Buffington Law Firm’s trust dispute attorneys have been asked to solve many problems relating to misbehaving problem successor-trustees of revocable or “living” trusts. One of the most common problems with trusts once the trustors die and a successor-trustee takes over is the way successor-trustees sometimes handle trust money. Since living trusts “avoid probate,” they are ordinarily not under the supervision of the Superior Court. While avoiding probate is often touted as a benefit of living trusts, it can also lead to problems with successor-trustees and the way they handle the trust money and assets.
There are many forms of financial misbehavior that misbehaving successor-trustees sometimes engage in. Not uncommonly, successor-trustees charge personal expenses to the trust, using trust moneys to fund travel and entertainment that they claim was necessary for “trust business.” Another common issue is trustees simply paying their personal expenses from the trust. Unequal distributions to beneficiaries when the trust states that distributions are supposed to be equal is another common problem. Trustees often misappropriate the deceased trustor’s personal items for him or her self and never account to the other beneficiaries for these. One characteristic that misbehaving successor-trustees usually share is that they fail to account to the beneficiaries for what they are doing with trust assets and moneys. This is almost invariably a “red flag” danger sign.
When this situation appears to be occurring, the beneficiaries have a remedy. The California Probate Code allows beneficiaries to demand an accounting from the successor-trustee under most circumstances. The probate code is very specific as to the details of the accounting, and suffice to say that a probate code compliant accounting usually reveals whether there are problems with the trustee’s handling of trust assets. Generally, trustees are required to account at least annually, or upon a change of trustees. Even in trusts which (unwisely in our opinion) state that a successor-trustee does not have to account, upon petition to the Court our trust litigation attorneys can almost always obtain a court order requiring the trustee to provide an accounting.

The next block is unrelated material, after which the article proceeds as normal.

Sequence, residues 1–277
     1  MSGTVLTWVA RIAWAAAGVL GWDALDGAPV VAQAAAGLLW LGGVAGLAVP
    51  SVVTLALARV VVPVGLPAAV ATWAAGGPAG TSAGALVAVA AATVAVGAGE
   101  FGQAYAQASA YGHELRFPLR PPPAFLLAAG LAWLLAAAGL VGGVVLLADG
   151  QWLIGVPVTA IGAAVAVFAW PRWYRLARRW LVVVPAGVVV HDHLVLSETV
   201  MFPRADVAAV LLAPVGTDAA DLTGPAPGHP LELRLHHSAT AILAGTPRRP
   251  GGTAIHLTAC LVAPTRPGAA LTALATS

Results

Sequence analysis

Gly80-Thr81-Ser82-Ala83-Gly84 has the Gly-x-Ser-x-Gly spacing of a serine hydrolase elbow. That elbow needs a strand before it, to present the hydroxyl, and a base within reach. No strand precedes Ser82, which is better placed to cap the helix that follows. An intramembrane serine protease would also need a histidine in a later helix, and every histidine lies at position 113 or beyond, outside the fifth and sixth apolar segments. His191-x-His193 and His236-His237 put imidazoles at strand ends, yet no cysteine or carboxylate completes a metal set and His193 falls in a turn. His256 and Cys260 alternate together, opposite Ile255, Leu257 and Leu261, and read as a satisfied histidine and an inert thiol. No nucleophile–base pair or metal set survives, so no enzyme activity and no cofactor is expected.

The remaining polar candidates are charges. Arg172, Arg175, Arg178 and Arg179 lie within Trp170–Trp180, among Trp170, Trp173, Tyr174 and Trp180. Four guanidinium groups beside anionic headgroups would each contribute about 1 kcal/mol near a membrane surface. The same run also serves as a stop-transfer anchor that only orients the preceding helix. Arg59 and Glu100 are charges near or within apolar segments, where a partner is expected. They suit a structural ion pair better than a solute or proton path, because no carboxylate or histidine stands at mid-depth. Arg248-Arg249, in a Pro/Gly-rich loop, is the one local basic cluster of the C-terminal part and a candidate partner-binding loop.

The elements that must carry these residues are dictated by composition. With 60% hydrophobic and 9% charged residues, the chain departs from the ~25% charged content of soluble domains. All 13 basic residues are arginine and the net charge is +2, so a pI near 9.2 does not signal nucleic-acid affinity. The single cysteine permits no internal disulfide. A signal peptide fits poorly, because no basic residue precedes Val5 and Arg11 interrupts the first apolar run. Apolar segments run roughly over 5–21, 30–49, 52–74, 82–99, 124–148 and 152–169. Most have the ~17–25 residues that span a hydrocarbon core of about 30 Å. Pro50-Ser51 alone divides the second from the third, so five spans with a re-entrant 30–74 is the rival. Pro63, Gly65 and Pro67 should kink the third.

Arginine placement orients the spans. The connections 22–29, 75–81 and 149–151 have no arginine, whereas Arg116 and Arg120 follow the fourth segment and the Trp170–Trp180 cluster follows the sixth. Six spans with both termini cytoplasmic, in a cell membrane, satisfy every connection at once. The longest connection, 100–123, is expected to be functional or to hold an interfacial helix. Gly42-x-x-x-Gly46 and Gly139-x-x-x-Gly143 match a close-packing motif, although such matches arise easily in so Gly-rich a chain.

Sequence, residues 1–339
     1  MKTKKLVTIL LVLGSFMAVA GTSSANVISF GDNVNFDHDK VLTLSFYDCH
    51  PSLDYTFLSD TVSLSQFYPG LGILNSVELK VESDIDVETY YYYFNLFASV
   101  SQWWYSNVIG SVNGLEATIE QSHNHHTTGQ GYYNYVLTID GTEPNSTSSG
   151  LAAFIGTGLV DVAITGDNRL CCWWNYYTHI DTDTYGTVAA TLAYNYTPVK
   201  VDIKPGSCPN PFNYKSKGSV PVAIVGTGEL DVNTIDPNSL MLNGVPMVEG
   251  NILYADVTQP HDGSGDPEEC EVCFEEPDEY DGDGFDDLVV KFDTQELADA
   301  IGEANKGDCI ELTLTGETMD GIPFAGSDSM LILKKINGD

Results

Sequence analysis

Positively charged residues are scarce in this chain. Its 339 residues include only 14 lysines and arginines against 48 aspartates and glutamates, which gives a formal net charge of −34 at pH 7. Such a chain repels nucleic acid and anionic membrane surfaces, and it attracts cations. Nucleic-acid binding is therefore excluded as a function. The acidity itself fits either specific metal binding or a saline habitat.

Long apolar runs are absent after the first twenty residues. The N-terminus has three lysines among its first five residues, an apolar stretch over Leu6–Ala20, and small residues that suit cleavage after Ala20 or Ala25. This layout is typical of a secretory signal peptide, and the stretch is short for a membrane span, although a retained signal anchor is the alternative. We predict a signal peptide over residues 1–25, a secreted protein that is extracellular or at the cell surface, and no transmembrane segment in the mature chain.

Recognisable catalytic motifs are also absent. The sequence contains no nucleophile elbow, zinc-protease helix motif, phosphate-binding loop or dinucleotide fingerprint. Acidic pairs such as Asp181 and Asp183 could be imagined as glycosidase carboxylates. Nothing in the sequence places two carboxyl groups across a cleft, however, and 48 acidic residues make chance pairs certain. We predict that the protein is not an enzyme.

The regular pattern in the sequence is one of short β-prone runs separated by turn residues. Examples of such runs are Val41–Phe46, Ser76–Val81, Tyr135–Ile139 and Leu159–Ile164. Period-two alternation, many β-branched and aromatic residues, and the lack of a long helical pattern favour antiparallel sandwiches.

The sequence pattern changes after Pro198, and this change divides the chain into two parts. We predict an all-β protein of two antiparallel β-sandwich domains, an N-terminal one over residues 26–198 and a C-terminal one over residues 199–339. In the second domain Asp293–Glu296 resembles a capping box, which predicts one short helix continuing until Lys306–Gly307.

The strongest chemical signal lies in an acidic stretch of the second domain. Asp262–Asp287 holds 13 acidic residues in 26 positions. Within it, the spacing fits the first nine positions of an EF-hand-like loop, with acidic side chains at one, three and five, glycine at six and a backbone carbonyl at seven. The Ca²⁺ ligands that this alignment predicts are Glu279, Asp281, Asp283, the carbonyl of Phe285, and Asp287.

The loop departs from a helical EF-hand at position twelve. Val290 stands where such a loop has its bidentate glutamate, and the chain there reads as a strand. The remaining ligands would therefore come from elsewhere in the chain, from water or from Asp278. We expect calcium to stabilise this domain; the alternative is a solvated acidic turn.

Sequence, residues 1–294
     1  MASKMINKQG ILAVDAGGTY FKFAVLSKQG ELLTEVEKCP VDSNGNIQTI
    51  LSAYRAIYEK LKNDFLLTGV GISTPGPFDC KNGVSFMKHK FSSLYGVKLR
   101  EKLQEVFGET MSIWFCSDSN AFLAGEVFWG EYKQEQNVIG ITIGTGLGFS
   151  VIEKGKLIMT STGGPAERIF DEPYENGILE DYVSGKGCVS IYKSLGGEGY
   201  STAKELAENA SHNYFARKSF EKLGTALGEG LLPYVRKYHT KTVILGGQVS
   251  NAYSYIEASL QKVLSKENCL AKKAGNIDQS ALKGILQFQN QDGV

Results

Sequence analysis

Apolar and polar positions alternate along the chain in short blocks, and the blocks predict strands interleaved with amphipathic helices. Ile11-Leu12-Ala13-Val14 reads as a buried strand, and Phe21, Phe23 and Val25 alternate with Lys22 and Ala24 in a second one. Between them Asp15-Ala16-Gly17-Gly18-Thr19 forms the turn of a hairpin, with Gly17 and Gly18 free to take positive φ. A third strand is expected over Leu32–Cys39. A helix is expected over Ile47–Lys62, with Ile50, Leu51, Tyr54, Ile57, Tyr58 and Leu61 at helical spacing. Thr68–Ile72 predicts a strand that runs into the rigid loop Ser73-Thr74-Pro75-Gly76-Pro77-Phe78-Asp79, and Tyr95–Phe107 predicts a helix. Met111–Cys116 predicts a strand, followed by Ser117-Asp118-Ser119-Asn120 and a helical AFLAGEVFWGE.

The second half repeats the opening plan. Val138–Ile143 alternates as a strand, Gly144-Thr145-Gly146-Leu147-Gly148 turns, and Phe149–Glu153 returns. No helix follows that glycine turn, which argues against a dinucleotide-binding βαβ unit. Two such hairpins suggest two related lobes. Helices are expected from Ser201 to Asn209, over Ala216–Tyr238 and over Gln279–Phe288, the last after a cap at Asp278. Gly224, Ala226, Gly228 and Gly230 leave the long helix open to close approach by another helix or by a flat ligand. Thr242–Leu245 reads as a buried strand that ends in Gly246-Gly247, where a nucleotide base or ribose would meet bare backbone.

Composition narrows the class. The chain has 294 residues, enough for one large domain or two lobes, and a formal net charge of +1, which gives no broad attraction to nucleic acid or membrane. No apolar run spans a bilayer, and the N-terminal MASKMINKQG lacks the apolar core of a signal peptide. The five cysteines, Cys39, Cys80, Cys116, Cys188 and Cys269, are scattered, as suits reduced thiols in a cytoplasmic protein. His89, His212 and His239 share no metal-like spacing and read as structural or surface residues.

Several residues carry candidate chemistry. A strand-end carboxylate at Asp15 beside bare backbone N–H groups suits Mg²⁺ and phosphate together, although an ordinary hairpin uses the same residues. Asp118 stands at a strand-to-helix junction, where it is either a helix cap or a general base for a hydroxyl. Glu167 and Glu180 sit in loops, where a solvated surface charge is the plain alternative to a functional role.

The California Probate Code provides for penalties to successor-trustees who mishandle trust moneys and assets. The first step in the process of holding a trustee accountable is to compel an accounting. Our trust dispute attorneys have a track record of success in this process. Generally, once this process begins the trustee will negotiate to make good on improper uses of funds. If not, we move towards causing the Court to hold the successor-trustee accountable. If necessary, we can often cause the Court to remove and replace the problem successor-trustee.
If you are involved with a California living trust in which you suspect financial misbehavior by a trustee, you need legal counsel. We invite you to contact Buffington Law Firm’s trust dispute attorneys for a free legal consultation. All calls are handled by actual experienced trust dispute attorneys, are completely confidential, and there is no obligation.